Complacency and lack of clarity prevented Labour from making gains in the Norwegian election, writes Fiona Twycross
For the second time this year, everyone lost an election. The two main Norwegian political parties, the Labour party, Arbeiderpartiet, and Conservative party, Høyre both lost seats in the general election held on 11 September.
Until recently, Arbeiderpartiet had been widely expected to make significant gains having been well ahead of Høyre in the polls this time last year. A combination of lack of clarity on its message over higher taxation, a whiff of scandal in the leader Jonas Gahr Støre’s financial affairs (accounts in the Cayman Islands are never a good look) and complacency, meant their lead dissipated. They were left with a handful more seats in parliament out of the 169 total than Høyre, but with the sitting Conservative prime minster Erna Solberg looking to continue the ‘blue-blue’ rightwing coalition with the far-right Fremskrittspartiet, which has been in power for the past four years.
This Norwegian general election result is a lesson in being careful what you wish for in terms of electoral reform. As the print deadline approached, the Kristelig Folkeparti – or Christian Democrats – with a total of eight seats were weighing up either continuing to work with the rightwing coalition or shift support to the centre-left or ‘red-green’ parties. The Christian Democrat’s hesitation can be attributed to the fact that they also lost seats. This was largely down to their association – by voting with the coalition – with the far-right Fremskrittspartiet, including controversial minister for immigration Sylvi Listhaug. Imagine the Liberal Democrats voting with Nigel Farage as home secretary. Populist to the core, Listhaug caused an international incident during the election when she visited Sweden to point the failings of the Swedish approach to immigration.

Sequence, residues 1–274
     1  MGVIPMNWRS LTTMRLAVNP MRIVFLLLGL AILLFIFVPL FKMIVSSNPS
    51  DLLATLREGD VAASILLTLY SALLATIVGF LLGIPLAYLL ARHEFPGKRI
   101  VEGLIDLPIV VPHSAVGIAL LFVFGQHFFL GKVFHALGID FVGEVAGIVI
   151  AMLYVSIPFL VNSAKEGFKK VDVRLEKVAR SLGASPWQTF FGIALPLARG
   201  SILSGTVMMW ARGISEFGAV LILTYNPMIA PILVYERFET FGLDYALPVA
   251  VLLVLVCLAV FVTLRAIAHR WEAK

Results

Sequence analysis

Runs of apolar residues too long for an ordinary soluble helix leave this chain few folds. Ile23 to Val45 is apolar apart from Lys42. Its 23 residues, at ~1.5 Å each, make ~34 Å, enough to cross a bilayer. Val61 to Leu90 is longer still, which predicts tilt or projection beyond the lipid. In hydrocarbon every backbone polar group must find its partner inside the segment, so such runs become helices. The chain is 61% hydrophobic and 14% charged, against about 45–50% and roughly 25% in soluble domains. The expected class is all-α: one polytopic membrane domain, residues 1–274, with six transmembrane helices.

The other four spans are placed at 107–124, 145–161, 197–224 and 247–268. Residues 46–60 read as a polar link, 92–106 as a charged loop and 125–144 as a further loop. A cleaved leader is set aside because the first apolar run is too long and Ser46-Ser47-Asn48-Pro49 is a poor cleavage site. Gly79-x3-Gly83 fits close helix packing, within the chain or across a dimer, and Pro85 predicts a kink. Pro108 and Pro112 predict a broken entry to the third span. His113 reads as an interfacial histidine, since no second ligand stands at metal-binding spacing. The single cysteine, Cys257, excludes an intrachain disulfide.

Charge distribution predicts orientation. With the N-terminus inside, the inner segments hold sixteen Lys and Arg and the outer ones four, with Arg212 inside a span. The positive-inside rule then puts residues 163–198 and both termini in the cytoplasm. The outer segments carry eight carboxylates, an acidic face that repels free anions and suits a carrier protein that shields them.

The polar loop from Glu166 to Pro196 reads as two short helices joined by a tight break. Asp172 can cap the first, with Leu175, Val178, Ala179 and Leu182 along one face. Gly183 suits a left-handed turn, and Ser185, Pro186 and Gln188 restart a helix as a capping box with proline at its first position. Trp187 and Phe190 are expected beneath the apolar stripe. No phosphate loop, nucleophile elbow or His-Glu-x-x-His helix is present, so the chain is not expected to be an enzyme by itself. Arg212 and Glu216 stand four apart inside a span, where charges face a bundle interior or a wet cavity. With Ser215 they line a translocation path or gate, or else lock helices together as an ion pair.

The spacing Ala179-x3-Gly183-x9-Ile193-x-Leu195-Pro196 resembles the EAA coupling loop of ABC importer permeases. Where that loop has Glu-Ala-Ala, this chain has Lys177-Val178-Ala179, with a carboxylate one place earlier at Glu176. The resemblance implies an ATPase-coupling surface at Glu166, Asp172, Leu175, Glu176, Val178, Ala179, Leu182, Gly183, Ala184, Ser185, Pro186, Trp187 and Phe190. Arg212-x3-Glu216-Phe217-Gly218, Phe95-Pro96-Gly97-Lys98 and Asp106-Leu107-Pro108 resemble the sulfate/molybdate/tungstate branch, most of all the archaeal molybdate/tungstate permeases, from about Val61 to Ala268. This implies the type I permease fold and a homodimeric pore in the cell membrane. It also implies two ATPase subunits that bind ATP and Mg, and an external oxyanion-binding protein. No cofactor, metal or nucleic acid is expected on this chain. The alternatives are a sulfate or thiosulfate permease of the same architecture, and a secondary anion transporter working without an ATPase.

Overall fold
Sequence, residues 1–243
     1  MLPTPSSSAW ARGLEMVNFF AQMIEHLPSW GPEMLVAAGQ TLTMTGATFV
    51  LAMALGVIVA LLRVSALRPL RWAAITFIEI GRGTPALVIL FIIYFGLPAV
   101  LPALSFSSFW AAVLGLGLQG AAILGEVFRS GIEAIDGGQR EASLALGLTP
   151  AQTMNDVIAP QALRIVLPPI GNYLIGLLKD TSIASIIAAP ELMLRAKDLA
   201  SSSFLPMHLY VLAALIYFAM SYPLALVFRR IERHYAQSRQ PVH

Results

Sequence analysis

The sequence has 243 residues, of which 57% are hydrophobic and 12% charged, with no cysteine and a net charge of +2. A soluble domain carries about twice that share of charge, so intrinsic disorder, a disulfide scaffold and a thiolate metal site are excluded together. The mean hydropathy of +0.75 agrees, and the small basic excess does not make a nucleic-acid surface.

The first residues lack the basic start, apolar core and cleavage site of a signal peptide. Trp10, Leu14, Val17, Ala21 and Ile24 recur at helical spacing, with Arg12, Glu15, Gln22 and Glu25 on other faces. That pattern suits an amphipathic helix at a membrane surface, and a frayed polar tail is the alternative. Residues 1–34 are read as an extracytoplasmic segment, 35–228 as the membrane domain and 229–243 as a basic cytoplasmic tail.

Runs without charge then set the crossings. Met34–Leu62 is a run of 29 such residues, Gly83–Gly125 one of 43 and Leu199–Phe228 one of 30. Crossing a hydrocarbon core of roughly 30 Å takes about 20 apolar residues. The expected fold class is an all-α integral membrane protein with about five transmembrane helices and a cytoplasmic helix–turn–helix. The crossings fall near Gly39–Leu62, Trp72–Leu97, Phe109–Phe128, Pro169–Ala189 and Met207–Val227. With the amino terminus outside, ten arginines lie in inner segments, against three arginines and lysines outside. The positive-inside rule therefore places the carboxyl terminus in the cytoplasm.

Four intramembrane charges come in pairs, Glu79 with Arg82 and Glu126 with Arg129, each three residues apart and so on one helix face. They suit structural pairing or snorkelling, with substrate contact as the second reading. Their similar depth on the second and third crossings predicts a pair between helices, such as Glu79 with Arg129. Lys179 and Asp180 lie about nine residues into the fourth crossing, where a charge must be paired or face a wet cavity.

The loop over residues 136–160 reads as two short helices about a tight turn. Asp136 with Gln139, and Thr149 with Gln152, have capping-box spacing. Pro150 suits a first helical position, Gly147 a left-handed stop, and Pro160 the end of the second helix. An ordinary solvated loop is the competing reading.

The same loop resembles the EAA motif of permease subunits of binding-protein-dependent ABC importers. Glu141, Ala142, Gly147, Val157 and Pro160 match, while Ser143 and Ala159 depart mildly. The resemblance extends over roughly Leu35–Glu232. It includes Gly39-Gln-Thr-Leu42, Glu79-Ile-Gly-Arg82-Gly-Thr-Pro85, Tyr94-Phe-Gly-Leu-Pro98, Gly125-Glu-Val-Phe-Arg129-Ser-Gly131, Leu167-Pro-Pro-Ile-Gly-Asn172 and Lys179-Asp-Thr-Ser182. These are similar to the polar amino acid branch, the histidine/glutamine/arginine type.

Politics and voting systems aside, the Norwegians do democracy well. It is made easy to vote with polls opening a month in advance. Voting takes place where people go. You can vote ahead of time in shopping centres, hospitals and council offices, as well as in schools on polling day. Turnout is high – at over 77 per cent – compared to other western democracies. If you vote before the final polling day, you can vote in any part of the country. On polling day, you can vote anywhere in the district you live.
Traditionally, booths in Norwegian town squares allow parties to set out their stalls for voters. I have witnessed queues of voters waiting to talk to party activists. Voters are much less likely to be contacted directly by political parties in Norway than in Britain but far more likely to be contacted by the authorities reminding them to vote. From text messages and emails to a video on the bus reminding voters of the elections and a smiling offer of home visits for the bed-bound. People proudly wear badges declaring ‘I have voted’ and enjoy waffles at polling stations – Norway is a country that values democracy.
In the United Kingdom we prize our privacy more than other rights; in Norway everyone is registered to vote automatically through the central register ‘folkeregister’. In an age where individual registration in the UK is putting barriers in the way of people voting and a 70 per cent turnout in June seemed remarkable, we have a lot to learn from our northern neighbours.
Fiona Twycross is a member of the London Assembly. She tweets at @fionatwycross
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